- The Washington Times - Friday, April 5, 2002

Note to Washington: Forget Afghanistan and the Middle East ABBA is here. At least that seemed to be the prevailing sentiment Tuesday night when disco royal Bjorn Ulvaeus of ABBA fame hit town for the premiere of "Mamma Mia" at the National Theatre.
"This is really what Washington wants and needs," Mr. Ulvaeus said of the oh-so-serious-and-staid capital of the free world after one of his biggest fans, Secretary of State Colin L. Powell, took time out from crisis diplomacy to see the show again with his wife and son in tow.
"I don't think I am going to perform tonight as I did then," Mr. Powell said, taking Mr. Ulvaeus' hand and bowing before mentioning his dancing in the aisles during the New York show.
Based on ABBA's classic songs from the 1970s and written by Mr. Ulvaeus and Benny Andersson, the two male members of the ABBA quartet, "Mamma Mia" is packing them in on Broadway as well as in London, Toronto and Melbourne, Australia. The musical an intergenerational love story with a twist is followed by a miniconcert with the cast singing along to original ABBA recordings.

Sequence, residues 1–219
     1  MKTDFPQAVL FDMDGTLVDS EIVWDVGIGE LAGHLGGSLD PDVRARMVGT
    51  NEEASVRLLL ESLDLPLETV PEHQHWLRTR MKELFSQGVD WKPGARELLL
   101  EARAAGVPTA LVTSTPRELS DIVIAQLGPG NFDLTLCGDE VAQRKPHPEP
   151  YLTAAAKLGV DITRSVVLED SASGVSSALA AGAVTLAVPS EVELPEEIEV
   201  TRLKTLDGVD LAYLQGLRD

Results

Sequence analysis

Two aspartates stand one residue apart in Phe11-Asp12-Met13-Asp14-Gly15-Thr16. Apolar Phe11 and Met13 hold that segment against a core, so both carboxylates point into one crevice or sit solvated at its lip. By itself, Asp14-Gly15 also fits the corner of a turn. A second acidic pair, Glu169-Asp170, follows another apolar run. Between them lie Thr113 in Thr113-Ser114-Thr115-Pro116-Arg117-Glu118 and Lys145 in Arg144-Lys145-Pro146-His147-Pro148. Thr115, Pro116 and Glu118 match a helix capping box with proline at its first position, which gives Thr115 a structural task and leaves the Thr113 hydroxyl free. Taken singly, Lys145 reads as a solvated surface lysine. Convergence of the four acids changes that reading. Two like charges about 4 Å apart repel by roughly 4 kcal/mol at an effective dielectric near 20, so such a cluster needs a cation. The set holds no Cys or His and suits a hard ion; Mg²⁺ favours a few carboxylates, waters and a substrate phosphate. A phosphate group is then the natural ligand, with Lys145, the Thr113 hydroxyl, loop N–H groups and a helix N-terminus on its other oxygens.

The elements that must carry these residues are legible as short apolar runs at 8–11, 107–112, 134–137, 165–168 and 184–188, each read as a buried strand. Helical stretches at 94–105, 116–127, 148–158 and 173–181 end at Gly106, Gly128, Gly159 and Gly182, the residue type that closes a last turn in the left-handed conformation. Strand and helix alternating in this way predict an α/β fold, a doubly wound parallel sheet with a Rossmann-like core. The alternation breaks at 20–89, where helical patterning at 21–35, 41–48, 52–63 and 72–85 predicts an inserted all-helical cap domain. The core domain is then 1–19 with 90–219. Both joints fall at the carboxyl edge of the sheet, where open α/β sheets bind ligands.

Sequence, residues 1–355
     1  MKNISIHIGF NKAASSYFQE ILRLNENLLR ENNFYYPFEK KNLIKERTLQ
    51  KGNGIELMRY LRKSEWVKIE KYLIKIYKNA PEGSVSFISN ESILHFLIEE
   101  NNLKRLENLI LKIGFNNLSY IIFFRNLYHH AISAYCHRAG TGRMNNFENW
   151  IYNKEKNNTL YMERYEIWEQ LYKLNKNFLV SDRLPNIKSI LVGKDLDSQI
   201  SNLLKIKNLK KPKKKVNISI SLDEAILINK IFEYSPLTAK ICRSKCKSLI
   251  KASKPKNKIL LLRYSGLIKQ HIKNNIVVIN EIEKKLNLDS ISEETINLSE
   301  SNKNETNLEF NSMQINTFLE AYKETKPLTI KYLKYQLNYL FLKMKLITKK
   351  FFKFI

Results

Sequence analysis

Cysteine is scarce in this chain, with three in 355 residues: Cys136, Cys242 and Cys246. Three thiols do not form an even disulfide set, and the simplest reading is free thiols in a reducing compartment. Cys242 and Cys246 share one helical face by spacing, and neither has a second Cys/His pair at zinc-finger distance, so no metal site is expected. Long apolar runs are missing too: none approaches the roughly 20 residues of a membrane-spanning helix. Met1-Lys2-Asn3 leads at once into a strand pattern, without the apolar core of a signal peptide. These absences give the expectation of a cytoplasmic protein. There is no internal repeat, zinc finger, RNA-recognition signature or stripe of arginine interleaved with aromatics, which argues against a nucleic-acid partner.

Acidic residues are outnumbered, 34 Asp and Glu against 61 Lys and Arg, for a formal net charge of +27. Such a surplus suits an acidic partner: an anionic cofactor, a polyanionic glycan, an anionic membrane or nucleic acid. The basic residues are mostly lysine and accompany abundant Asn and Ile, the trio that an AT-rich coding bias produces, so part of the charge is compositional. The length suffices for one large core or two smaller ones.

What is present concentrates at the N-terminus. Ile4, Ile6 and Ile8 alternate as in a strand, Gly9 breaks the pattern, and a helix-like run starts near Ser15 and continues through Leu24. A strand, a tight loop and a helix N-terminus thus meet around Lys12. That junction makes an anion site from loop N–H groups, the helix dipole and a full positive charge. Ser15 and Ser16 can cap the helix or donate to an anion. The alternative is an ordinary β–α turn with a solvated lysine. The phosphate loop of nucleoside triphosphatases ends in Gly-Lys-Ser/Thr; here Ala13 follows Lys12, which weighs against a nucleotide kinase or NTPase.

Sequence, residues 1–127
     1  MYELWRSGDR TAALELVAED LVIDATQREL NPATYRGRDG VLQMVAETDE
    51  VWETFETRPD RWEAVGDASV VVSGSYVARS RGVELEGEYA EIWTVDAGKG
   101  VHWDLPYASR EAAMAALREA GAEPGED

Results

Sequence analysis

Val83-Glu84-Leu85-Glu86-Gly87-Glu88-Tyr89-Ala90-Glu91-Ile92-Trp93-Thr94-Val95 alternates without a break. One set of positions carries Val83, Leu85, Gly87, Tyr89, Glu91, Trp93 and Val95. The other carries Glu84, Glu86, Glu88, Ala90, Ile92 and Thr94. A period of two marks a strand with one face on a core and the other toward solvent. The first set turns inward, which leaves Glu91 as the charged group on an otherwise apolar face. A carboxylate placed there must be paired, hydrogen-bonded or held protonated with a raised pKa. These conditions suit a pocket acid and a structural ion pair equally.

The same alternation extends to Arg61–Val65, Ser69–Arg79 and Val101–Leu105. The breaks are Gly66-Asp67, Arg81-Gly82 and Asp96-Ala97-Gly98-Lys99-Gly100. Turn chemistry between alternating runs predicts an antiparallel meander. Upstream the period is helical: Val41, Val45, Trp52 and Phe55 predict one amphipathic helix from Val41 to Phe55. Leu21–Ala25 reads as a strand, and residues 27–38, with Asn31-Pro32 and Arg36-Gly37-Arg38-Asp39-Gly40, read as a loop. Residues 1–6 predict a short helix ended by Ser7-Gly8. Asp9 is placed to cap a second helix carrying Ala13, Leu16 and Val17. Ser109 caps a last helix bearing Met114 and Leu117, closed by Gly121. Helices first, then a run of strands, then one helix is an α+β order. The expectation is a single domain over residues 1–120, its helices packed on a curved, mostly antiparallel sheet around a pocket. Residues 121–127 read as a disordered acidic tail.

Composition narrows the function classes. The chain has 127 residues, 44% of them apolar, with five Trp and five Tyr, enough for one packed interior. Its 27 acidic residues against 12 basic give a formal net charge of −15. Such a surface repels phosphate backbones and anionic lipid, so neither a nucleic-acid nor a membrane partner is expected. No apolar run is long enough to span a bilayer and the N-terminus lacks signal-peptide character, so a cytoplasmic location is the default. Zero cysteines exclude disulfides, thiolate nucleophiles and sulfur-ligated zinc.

Members of Congress left their Hill offices as well for the much-anticipated opening. Sen. Christopher Dodd and Reps. Edward Markey and Rosa DeLauro joined officials from administrations past (Susan Blumenthal, Ken Duberstein, Richard Armitage) for the show and a lively cast party afterward at the Old Ebbitt Grill.
Swedish Ambassador Jan Eliasson was on hand to welcome his compatriot and recall ABBA's glory days decades ago although he said he "didn't really appreciate them" back then.
"I found myself with a big smile on my face," he confessed. "Now I get it."
Jabeen Bhatti

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